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The distal-less homeobox gene (dlx) 5 encodes a transcription factor that controls jaw formation and appendage differentiation during embryonic development. We previously found that Dlx5 is overexpressed in an Akt2 transgenic model of T-cell lymphoma. To investigate if DLX5 is involved in human cancer, we screened its expression in the NCI 60 cancer cell line panel. DLX5 was frequently up regulated in cell lines derived from several tumor types, including ovarian cancer. We next validated its up regulation in primary ovarian cancer specimens. Stable knockdown of DLX5 by lentivirus-mediated transduction of short hairpin RNAi (shRNA) resulted in reduced proliferation of ovarian cancer cells due to inhibition of cell cycle progression in connection with down regulation of cyclins A, B1, D1, D2 and E and decreased phosphorylation of AKT. Cell proliferation resumed following introduction of a DLX5 cDNA harboring wobbled mutations at the shRNA-targeting sites. Cell proliferation was also rescued by transduction of a constitutively active form of AKT. Intriguingly, down regulation of IRS-2 and MET contributed to the suppression of AKT signaling. Moreover, DLX5 was found to directly bind to the IRS-2 promoter and augmented its transcription. Knockdown of DLX5 in xenografts of human ovarian cancer cells resulted in markedly diminished tumor size. In addition, DLX5 was found to cooperate with HRAS in the transformation of human ovarian surface epithelial cells. Together, these data suggest that DLX5 plays a significant role in the pathogenesis of some ovarian cancers.
Cancer is often regarded as the consequence of developmental dysregulation underlaid by aberrant expression of transcription factors that are normally involved in embryonic development (1). The homeobox gene superfamily encodes transcription factors that act as master controllers of development by regulating a diverse range of target genes. For example, TAL1 and HOX11 are essential transcription factors involved in early hematopoiesis, but their misexpression in thymocytes causes T cell acute lymphoblastic leukemia (T-ALL) by blocking thymocyte differentiation (2). In addition to HOX11, homeobox genes are widely implicated in various human cancers, by acting as either an oncogene or as a tumor suppressor. For example, in rhabdomyosarcoma, an oncogenic chromosomal translocation results in the fusion of the DNA binding domain of the PAX3 homeobox gene with the FKHR transcription factor gene (3). The homeobox gene NKX3-1 plays an important role in normal differentiation of the prostatic epithelium, while its loss of function initiates prostate carcinogenesis (4). In breast cancer, HOXA5 expression is frequently lost due to gene deletion or promoter methylation (5).
We previously identified a chromosomal abnormality in thymic tumor cells from a transgenic mouse model driven by a myristoylated (myr), constitutively active form of Akt2. Tumor cells from these mice often harbor an inversion of chromosome 6 that juxtaposes an evolutionally conserved homeobox bi-gene, Dlx5/6, to the enhancer of the Tcrb gene (6). Moreover, clonogenic assays revealed oncogenic cooperativity when both Dlx5 and activated Akt2 were co-expressed in mammalian cells. The Dlx gene family is related to the Drosophila distal-less (dll) gene and is mainly expressed in the developing forebrain and craniofacial structures. More recently, Dlx genes have also been found to play broader roles ranging from neurogenesis to hematopoiesis (7). Sonic hedgehog, BMP4, FGF and Wnt, among others, can induce Dlx expression in a tissue-specific manner (8).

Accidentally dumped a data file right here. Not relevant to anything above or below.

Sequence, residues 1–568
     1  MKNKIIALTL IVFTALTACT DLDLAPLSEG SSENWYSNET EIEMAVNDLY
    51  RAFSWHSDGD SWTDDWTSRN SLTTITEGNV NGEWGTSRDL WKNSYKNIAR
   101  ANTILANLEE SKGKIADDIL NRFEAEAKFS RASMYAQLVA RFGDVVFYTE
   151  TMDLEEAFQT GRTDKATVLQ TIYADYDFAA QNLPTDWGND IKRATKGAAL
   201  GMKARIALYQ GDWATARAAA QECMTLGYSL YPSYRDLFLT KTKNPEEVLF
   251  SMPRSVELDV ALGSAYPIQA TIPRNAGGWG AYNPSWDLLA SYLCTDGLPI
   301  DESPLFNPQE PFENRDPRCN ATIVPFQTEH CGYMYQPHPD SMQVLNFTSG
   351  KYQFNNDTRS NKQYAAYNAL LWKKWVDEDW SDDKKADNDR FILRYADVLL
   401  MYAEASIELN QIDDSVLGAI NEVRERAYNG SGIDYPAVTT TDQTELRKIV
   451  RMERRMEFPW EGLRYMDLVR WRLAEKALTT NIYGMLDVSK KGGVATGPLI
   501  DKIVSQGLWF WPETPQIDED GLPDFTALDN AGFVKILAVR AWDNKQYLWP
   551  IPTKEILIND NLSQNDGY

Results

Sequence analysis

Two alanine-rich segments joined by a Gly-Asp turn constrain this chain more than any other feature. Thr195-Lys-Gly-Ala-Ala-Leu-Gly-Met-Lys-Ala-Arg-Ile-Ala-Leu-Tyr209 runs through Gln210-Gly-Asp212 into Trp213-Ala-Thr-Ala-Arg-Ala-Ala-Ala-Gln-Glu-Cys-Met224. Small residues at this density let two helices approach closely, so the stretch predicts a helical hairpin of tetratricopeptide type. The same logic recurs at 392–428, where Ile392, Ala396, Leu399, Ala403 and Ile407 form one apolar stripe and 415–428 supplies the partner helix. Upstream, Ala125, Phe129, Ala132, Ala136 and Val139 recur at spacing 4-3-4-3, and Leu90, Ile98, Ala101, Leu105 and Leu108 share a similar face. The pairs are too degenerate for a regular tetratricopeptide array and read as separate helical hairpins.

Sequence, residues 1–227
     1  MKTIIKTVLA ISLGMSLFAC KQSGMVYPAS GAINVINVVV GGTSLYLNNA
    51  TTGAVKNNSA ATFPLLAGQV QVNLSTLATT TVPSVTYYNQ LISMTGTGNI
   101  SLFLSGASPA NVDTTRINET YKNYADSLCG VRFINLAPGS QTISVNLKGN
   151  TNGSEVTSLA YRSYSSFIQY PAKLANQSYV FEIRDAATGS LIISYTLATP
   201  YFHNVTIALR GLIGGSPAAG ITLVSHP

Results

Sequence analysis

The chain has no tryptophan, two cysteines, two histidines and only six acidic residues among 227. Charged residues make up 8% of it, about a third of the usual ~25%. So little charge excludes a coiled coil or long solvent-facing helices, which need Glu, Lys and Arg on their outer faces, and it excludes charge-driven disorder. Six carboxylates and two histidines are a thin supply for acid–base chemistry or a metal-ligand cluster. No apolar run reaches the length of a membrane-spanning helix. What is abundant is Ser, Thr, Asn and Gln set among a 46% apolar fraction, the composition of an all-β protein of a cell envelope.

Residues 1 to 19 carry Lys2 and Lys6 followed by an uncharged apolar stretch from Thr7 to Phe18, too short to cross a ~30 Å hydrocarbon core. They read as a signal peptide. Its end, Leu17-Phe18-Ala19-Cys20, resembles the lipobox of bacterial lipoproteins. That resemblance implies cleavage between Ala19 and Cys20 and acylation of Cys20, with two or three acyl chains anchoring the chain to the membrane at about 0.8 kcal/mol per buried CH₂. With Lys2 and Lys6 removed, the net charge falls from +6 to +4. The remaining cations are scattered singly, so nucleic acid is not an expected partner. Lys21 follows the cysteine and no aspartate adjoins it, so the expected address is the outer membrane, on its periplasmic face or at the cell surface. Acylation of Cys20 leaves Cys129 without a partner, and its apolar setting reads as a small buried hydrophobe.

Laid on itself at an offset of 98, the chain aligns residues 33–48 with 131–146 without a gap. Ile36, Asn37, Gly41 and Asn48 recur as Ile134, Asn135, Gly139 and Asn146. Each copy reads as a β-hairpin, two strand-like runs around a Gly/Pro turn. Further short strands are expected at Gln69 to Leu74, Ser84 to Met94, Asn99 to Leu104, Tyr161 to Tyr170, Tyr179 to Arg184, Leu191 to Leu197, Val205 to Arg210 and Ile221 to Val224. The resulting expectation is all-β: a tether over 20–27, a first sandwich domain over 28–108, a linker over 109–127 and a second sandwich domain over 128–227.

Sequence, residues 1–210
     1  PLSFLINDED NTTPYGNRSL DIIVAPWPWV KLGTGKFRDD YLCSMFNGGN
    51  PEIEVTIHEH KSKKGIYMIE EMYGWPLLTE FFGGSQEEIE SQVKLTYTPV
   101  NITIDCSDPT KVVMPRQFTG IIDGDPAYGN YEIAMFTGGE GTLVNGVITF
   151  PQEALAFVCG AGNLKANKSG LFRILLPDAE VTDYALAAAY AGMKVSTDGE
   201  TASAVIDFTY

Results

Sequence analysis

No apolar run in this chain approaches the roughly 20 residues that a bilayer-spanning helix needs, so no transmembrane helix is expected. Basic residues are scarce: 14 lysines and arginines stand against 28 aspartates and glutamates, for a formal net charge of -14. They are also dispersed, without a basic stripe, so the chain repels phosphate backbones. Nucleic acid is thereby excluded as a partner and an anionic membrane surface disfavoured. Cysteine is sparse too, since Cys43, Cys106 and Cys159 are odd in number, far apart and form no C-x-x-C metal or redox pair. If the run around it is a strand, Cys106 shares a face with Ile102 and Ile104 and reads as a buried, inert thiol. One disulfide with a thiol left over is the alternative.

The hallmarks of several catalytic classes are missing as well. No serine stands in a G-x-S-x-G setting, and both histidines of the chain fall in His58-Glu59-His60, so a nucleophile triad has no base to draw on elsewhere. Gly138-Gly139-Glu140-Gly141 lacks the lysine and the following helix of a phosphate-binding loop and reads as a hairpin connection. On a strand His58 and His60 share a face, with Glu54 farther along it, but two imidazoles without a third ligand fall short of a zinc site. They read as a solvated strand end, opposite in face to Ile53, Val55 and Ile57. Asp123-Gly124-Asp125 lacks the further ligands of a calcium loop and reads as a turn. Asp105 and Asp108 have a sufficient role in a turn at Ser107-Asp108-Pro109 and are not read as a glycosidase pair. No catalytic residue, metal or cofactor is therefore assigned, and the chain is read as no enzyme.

Dlx5 is expressed in adult bone marrow cells and fetal liver cells, but its expression is suppressed in Thy1-positive T cells (9). In thymic lymphoma cells observed in myr-Akt2 transgenic mice, Dlx5 protein levels are highly elevated, which may facilitate tumor development by interfering with T-cell differentiation (6). Another DLX family member, DLX7 (now known as DLX4), has also been implicated in human hematopoietic neoplasms. DLX4 is expressed in normal hematopoietic cells and leukemia cell lines with erythroid characteristics, and its knockdown induced apoptosis via downregulation of MYC and GATA1 (10). DLX4 was also found to be frequently overexpressed in acute myeloid leukemia and T-ALL (11), and expression of DLX4 has been implicated in breast cancer progression and choriocarcinoma cell survival (12). The role of DLX5 in tumor development, however, is only beginning to emerge. Kato et al. reported that overexpression of DLX5 in non-small cell lung cancer is linked to tumor size and is predictive of a poor prognosis (13). They also showed that knockdown of DLX5 suppresses lung cancer cell viability and colony formation. Here, we report that DLX5 is frequently overexpressed in human ovarian cancer cells, and that depletion of DLX5 by RNA interference (RNAi) inhibits cell proliferation, in part by attenuating AKT signaling.
Ovarian cancer cell lines IGROV1, OVCAR3, OVCAR4, OVCAR5, OVCAR8, OVCAR10, SKOV3 and A2780 were from Fox Chase Cancer Center and maintained in RPMI 1640 medium supplemented with 10% FBS, 100 U/mL penicillin and 100 μg/mL streptomycin. Primary and SV40-immortalized non-tumorigenic human ovarian surface epithelial (HOSE) cells were maintained in 1:1 M199 and MCBD-105 media, respectively, supplemented with 5% FBS and 0.2 IU/mL insulin, 100 μg/mL penicillin and streptomycin, and 2 mM L-glutamine. Primary ovarian tumor specimens were obtained from patients who underwent surgery at Fox Chase Cancer Center. Antibodies against DLX5, DLX6, cyclin A, cyclin B1/2, cyclin D1/2/3, cyclin E1/2, IGF1Rβ, MET, IRS-1/2, PI3K p110β, β-actin and GAPDH were purchased from Santa Cruz Biotechnology (Santa Cruz, CA). Antibodies against phosphorylated (p)-PDK1, total PDK1, p-AKT/AKT, p-GSK3β/GSK3β, p-p70S6K/p70S6K, p-ERK/ERK, HER2, EGF and p-MET were from Cell Signaling Technology (Danvers, MA).